Friday, December 30, 2011

The End of Another Year

Another year is coming to a close... it seems like time just flies by faster and faster with each passing day!

This has been a great year for us personally, as well as a wonderful year of continued success at Taos Unlimited (and Santa Fe Unlimited).

We send good wishes to our blog readers, clients and friends, for the coming new year. ~Jean and Aimee

Monday, December 26, 2011

Taos A to Z Excerpt: Burro (or Donkey)

A domesticated member of the horse family, the donkey’s wild ancestor is the African Wild Ass. Males are called jacks and females jennies. Offspring have the same names as horses (i.e., foal for either sex under one year, and colt and filly for males and females who are over one year old). Different species within the Equidae, or horse family can interbreed, however, their offspring are almost always sterile. A mule is the offspring of a jack, or male donkey, and a mare, or female horse. Though rarely successful, the offspring of a stallion (male horse) and a jenny (female donkey) is a hinny.

The Spanish brought burros to North America where they quickly became the chosen beast of burden of early prospectors, due to their sure-footedness. While many use the terms donkey and burro interchangeably, others call the smaller Mexican descendants burros, and their larger cousins, imported directly from Europe, donkeys.

Burros which were abandoned or ran away gave rise to feral burros in the Western range lands. Fortunately, these animals are now protected in New Mexico, where they are considered to be a living legacy. During drought conditions, herds are at risk, and are routinely thinned to preserve grazing. Roundups remove a percentage of the feral burros which are then auctioned to the public. Wild burros are clever and curious, making excellent pets when treated well and trained properly. Once trust has been established, they greatly enjoy the company of humans. ~Aimee

Read more about Taos, Santa Fe, and Northern New Mexico on Taos A to Z

Friday, December 23, 2011

Sunday is... Christmas Day

This is one of our favorite times of the year. We enjoy some peace and relaxation; some quiet time and some time to do the things we like to do. We love the music and the decorations, and the contemplation of the meaning of this season.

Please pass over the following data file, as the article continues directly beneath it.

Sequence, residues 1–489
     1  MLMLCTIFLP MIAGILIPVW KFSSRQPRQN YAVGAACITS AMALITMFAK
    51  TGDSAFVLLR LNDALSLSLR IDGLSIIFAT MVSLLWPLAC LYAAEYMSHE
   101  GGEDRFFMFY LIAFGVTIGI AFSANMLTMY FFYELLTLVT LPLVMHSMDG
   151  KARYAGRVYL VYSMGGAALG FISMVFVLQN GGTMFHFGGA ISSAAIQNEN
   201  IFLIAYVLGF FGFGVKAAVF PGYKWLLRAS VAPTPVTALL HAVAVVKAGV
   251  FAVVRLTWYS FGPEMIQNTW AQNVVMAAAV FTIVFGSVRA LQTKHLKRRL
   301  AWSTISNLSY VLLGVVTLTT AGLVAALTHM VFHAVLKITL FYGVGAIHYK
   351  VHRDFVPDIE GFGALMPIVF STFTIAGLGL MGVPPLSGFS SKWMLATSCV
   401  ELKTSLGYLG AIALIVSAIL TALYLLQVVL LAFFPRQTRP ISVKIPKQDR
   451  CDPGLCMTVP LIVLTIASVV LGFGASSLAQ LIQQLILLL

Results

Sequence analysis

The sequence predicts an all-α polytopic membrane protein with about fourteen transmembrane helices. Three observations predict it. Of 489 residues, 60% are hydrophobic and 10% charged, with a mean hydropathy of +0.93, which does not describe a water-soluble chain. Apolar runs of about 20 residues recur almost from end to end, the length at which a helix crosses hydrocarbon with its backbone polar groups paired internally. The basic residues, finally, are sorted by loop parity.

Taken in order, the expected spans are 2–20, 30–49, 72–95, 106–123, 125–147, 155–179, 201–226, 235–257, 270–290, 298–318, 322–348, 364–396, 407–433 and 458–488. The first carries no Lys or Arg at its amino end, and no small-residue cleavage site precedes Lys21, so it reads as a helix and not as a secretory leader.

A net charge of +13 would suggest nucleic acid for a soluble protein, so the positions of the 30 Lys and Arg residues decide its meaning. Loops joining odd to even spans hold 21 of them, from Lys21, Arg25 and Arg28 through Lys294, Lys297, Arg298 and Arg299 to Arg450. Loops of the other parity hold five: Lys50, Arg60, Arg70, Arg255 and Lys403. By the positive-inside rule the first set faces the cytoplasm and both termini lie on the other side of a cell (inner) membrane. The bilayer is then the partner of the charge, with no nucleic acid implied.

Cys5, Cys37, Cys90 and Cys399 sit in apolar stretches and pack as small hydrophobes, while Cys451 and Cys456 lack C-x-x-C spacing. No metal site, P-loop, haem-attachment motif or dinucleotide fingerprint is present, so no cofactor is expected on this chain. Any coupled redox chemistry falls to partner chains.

Whether you are a long-standing client and friend of Taos Unlimited, or you just happened upon our celebration of this part of New Mexico that we call home, my cousin Jean and I want to wish you and yours a Merry Christmas: with peace, joy, love, and the warmth of your family and friends around you. ~Aimee and Jean

Wednesday, December 21, 2011

Recipe of the Month: Christmas Chile Jellies

The New Mexico state question is “Red or green?” Chile, that is. And if you want both, you enjoy your tamales “Christmas” style. It is only fitting that Christmas gift chile jelly should be Christmas style as well.


For Green Chile Jelly:
1 tbsp. (medium to hot, to taste) green chiles, chopped
1 cup mild green chilies, diced
1 medium green bell pepper, diced
1-1/4 cup white wine vinegar
5 cups jam sugar
1 ounce liquid pectin

For Red Chile Jelly:
3 red bell peppers, diced
2 cups of jam sugar
6 medium to hot red chilies
1/2 cup white wine vinegar
1 ounce liquid pectin


Combine the chiles and pepper with the vinegar in a food processor. Process until pureed (about 3 minutes). Transfer the puree and sugar to a saucepan. Bring to a boil over medium high heat, stirring constantly. Remove from the heat, skim the foam from the top and discard, then add the pectin.